Cockatoo Gang Gang Parrot
The Gang Gang Cockatoo of Australia is a lovely aviary bird. If you have the space to keep them, these beautiful Cockatoos are a source of constant delight. In the wild, Gang Gang Cockatoos live in the forest canopy and are quite acrobatic fliers! They are not shy around humans and will eat and drink on the ground quite near to you. They live in flocks of up to 60 birds but pair off for the breeding season.
Gang Gangs are migratory birds and spend summer in mountain forests and winter in valleys or low altitude forests.
Their voice is described as the sound a cork makes when leaving a wine bottle, without the pop at the end, of course! Gang Gang Cockatoos eat seeds, fruit, berries, greenery and nuts in addition to the occasional insect in the wild. In captivity, their diet should be similar, with a basic small seed mix and plenty of fresh fruits and vegetables. Oats may be added to help with body heat during the winter. Gang Gang Cockatoos also enjoy nuts, corn and dog biscuits or wheat bread.
Grit should be supplied on the floor of the aviary along with fresh water. Try to construct a tall or suspended aviary, since Gang Gang Cockatoos in the wild only alight on the ground to drink. Your Gang Gangs need plenty of room to spread their wings and even better, to fly!
They love chewing on branches, and Stringy Bark Eucalyptus trees are a particular favorite. Hawthorne branches with the berries on them are another treat for your Gang Gang Cockatoo. At maturity, a Gang Gang Cockatoo is about 35 centimeters long. Their bodies are predominantly gray, with a small forward-curving crest of wispy feathers. Males have striking red heads and crests in contrast to the gray females. The feathers on Gang Gang Cockatoos have pale white-gray edges. They have horn colored bills, gray periopthalmic rings, brown irises and gray feet. Often the feathers of the lower abdomen and under tail coverts have edges, which are yellow orange. Male Gang Gang Cockatoos often have pale green webbing on their outer primaries.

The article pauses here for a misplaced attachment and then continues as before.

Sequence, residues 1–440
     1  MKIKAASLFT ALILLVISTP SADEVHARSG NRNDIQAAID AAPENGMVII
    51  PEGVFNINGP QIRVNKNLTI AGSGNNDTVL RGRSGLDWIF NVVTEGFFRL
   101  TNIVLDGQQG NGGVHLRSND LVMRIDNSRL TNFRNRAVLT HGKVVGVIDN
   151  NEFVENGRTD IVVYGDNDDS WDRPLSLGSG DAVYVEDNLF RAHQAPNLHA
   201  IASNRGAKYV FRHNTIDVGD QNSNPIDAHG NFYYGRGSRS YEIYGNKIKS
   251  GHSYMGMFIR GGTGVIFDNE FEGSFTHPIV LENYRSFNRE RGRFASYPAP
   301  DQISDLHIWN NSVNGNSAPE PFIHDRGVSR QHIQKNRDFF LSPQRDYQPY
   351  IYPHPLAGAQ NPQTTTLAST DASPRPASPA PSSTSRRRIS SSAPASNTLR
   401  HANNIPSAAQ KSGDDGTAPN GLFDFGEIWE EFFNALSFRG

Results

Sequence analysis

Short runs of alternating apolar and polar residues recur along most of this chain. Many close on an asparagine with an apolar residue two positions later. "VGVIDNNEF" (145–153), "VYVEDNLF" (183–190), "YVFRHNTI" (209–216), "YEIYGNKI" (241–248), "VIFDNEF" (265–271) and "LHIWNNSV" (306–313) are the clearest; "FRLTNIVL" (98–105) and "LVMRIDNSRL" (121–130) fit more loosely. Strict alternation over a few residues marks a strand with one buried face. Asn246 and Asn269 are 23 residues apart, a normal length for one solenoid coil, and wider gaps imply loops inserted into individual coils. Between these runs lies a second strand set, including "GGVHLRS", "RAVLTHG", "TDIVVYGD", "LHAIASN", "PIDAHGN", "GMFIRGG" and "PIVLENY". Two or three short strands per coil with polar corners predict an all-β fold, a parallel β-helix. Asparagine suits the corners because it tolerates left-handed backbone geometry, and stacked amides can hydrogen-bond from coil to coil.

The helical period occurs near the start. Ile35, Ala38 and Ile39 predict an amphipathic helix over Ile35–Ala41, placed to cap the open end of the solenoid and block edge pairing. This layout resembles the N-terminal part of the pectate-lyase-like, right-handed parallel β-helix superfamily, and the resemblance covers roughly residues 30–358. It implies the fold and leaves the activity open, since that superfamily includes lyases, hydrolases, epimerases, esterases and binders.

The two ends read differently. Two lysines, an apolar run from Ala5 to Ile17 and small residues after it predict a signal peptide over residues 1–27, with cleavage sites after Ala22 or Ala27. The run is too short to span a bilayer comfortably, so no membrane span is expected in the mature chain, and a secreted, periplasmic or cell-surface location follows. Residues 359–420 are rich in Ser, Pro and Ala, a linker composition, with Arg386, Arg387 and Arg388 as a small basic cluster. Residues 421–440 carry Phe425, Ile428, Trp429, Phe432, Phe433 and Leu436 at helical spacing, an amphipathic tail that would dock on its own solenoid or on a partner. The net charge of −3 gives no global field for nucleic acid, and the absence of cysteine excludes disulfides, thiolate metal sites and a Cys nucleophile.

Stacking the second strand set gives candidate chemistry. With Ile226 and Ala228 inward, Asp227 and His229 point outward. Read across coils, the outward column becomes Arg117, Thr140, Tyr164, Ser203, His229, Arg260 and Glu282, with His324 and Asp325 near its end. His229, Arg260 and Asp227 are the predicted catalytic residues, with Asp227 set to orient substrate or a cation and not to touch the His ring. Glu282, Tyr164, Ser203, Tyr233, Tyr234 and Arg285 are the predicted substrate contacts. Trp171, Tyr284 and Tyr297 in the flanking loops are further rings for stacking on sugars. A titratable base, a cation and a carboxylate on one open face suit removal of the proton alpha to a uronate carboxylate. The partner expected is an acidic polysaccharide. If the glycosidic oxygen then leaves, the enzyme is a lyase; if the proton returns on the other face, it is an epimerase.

They weigh slightly more than females. Gang Gang Cockatoos are native to southeastern Australia where they migrate between altitudes depending on the season. They are also found in suburban parks and gardens on occasion. Gang Gang Cockatoos have been introduced to Kangaroo Island and sometimes visit Tasmania. Gang Gang Cockatoos were first recognized by Grant in 1803. They are alternately known as Helmeted Cockatoos, Red-Crowned Cockatoos, Red-Headed Cockatoos, Red-headed Parrots or Red-crowned Parrots. Gang Gang Cockatoos are particularly prone to boredom related disorders.
This can be alleviated by keeping them in pairs or small groups, offering them smaller seeds, and making sure they have plenty of wood to chew on and lots of exercise. When bored, Gang Gang Cockatoos pluck their feathers or their mates’ feathers. Their aviaries should be about five and a half meters long, one point two meters wide, and as tall as possible. Gang Gang Cockatoos in the wild breed from October to January in private eucalyptus tree hollows.
They lay two to three matte elliptical eggs, which incubate for about a month. Both parents will sit on the eggs. Gang Gang Cockatoos fledge at about eight weeks, but parents continue to feed them for about five more weeks. In captivity, Gang Gang Cockatoos need a private nesting box or hollow log. Around breeding season, they will begin to eat other birds’ eggs off the aviary floor! Immature Gang Gang Cockatoos have lots of red tingeing to the feathers on their undersides. They have grayish-white or-yellow barring over the tail. Young males do show a lot of red over their crowns, heads and necks.